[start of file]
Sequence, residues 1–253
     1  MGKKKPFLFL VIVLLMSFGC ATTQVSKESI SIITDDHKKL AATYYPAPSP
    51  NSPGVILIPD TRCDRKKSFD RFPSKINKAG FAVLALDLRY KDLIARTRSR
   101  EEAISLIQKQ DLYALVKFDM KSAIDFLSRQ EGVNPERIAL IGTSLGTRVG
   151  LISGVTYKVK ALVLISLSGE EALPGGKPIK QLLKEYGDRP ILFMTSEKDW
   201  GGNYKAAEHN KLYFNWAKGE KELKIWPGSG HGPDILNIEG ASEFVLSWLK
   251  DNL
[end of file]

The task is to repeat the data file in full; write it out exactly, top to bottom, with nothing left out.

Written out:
Sequence, residues 1–253
     1  MGKKKPFLFL VIVLLMSFGC ATTQVSKESI SIITDDHKKL AATYYPAPSP
    51  NSPGVILIPD TRCDRKKSFD RFPSKINKAG FAVLALDLRY KDLIARTRSR
   101  EEAISLIQKQ DLYALVKFDM KSAIDFLSRQ EGVNPERIAL IGTSLGTRVG
   151  LISGVTYKVK ALVLISLSGE EALPGGKPIK QLLKEYGDRP ILFMTSEKDW
   201  GGNYKAAEHN KLYFNWAKGE KELKIWPGSG HGPDILNIEG ASEFVLSWLK
   251  DNL